Timeline: 1965

Jan 2  Martin Luther King Jr. begins a drive to register black voters in the US South.

Jan 3  A new chancellor is appointed for the University of California at Berkeley. It is announced that political activity will be allowed on campus. Students are to be allowed to hold rallies and speak from the steps of the administration building, Sproul Hall. 

Jan 4  In his State of the Union address,  President Johnson proclaims his Great Society. Also he announces plans to promote birth control abroad, using "our knowledge to help deal with the explosion in world population and the growing scarcity in world resources."

Jan 14  The prime ministers of Northern Ireland and the Republic of Ireland meet for the first time in 43 years, a sign of improving relations.

Jan 16  A federal grand jury in Mississippi indicts 18 men for violating the civil rights of Schwerner, Goodman and Chaney, murdered in Mississippi in 1964. 

Jan 20  In Spain, Generalissimo Francisco Franco meets with Jews to discuss legitimizing their communities. 

Feb 6  A Viet Cong raid on a base in Pleiku, South Vietnam, kills 8 Americans. This is done by Vietnamese believingthat they are continuing a fight that began with French colonialism and that they are fighting murderous foreign intruders and a minority of Vietnamese who supported the French.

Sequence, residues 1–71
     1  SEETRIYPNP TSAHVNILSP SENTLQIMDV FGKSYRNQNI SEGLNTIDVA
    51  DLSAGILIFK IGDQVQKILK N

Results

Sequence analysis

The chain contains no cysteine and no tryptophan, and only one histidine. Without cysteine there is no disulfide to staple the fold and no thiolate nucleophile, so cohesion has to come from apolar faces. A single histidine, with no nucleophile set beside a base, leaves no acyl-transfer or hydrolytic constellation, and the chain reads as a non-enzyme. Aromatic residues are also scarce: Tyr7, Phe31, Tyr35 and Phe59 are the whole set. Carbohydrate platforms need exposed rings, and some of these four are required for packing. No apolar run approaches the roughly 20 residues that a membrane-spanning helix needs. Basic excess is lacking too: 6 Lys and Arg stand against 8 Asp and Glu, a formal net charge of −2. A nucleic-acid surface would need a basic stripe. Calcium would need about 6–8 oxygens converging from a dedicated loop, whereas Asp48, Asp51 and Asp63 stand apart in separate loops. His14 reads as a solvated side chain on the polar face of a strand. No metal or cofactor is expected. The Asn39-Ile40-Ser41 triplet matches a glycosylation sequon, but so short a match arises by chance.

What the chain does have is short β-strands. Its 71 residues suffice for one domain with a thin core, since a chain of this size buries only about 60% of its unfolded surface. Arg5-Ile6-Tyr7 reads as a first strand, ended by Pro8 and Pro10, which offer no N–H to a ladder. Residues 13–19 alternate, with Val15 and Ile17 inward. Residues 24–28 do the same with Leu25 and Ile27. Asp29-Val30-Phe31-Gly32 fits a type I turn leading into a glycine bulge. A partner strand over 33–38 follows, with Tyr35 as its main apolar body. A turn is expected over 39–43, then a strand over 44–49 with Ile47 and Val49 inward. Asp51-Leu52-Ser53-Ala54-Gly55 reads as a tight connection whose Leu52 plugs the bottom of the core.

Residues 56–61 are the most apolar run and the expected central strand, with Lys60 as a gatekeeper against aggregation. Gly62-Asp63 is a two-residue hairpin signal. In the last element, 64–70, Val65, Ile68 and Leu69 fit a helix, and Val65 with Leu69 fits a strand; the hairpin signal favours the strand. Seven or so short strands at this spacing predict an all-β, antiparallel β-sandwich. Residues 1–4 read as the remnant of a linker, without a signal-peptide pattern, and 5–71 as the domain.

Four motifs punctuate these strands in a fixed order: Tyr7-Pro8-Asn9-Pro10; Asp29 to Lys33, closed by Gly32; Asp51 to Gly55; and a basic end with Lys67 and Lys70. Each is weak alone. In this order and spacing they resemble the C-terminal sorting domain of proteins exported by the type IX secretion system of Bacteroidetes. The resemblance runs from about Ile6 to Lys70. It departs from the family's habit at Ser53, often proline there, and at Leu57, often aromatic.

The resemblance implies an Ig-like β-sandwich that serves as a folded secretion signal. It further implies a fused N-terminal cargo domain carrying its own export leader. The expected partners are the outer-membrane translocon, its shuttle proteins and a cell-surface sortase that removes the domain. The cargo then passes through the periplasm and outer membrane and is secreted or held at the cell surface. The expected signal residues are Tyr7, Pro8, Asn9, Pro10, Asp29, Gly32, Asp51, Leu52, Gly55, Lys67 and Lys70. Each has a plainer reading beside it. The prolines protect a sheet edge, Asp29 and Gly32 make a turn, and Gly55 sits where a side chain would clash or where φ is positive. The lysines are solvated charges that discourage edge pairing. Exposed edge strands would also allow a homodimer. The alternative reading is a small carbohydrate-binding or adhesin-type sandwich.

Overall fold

Feb 8  President Johnson orders more bombing in North Vietnam.

Feb 15  Canada acquires a new flag.

Feb 21 In New York, Malcolm X is assassinated in front of 400 people. His assassins will be described as members of Elijah Muhammad's Nation of Islam. 

Martin Luther King and President Johnson

Martin Luther King Jr. (President Johnson in the background)

Mar 7  Selma, Alabama, is a city of 29,500 people – 14,400 whites and 15,100 blacks. Its voting rolls are 99 percent white and 1 percent black. With clubs and tear gas, state troopers attack a march for voting rights led by Martin Luther King. It is broadcast on television.

Mar 8  In Vietnam, 3,500 US Marines arrive – the first ground force units from a foreign power since the war between the Vietnamese and the French. 

Mar 9  From California to Washington D.C., people demonstrate against the police action in Selma.  Michigan's Governor George Romney leads a protest parade of 10,000. Demonstrators block rush-hour traffic in downtown Chicago's Loop. In Selma a second attempt to march is stopped. Later, three of the marchers on their way from a restaurant to a black church pass through one of the poorer white neighborhoods. A white Unitarian-Universalist minister, James Reeb, is clubbed to the ground and goes into a coma during a delayed journey to a hospital in nearby Birmingham.